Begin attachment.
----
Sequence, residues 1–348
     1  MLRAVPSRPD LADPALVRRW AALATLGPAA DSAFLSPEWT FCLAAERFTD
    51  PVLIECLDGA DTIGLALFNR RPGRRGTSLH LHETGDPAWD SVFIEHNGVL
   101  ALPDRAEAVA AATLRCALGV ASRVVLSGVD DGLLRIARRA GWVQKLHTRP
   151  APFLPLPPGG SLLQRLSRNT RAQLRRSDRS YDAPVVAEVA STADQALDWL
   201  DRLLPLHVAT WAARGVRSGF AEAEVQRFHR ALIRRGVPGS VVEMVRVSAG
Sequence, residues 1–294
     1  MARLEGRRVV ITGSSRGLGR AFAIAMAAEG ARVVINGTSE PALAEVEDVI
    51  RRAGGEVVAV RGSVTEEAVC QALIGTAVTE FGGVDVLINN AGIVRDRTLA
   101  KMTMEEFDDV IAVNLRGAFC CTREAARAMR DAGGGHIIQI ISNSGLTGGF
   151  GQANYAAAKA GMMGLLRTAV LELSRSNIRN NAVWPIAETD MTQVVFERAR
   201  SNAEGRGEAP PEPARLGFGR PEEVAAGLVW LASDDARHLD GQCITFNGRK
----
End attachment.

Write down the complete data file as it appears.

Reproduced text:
Sequence, residues 1–348
     1  MLRAVPSRPD LADPALVRRW AALATLGPAA DSAFLSPEWT FCLAAERFTD
    51  PVLIECLDGA DTIGLALFNR RPGRRGTSLH LHETGDPAWD SVFIEHNGVL
   101  ALPDRAEAVA AATLRCALGV ASRVVLSGVD DGLLRIARRA GWVQKLHTRP
   151  APFLPLPPGG SLLQRLSRNT RAQLRRSDRS YDAPVVAEVA STADQALDWL
   201  DRLLPLHVAT WAARGVRSGF AEAEVQRFHR ALIRRGVPGS VVEMVRVSAG
Sequence, residues 1–294
     1  MARLEGRRVV ITGSSRGLGR AFAIAMAAEG ARVVINGTSE PALAEVEDVI
    51  RRAGGEVVAV RGSVTEEAVC QALIGTAVTE FGGVDVLINN AGIVRDRTLA
   101  KMTMEEFDDV IAVNLRGAFC CTREAARAMR DAGGGHIIQI ISNSGLTGGF
   151  GQANYAAAKA GMMGLLRTAV LELSRSNIRN NAVWPIAETD MTQVVFERAR
   201  SNAEGRGEAP PEPARLGFGR PEEVAAGLVW LASDDARHLD GQCITFNGRK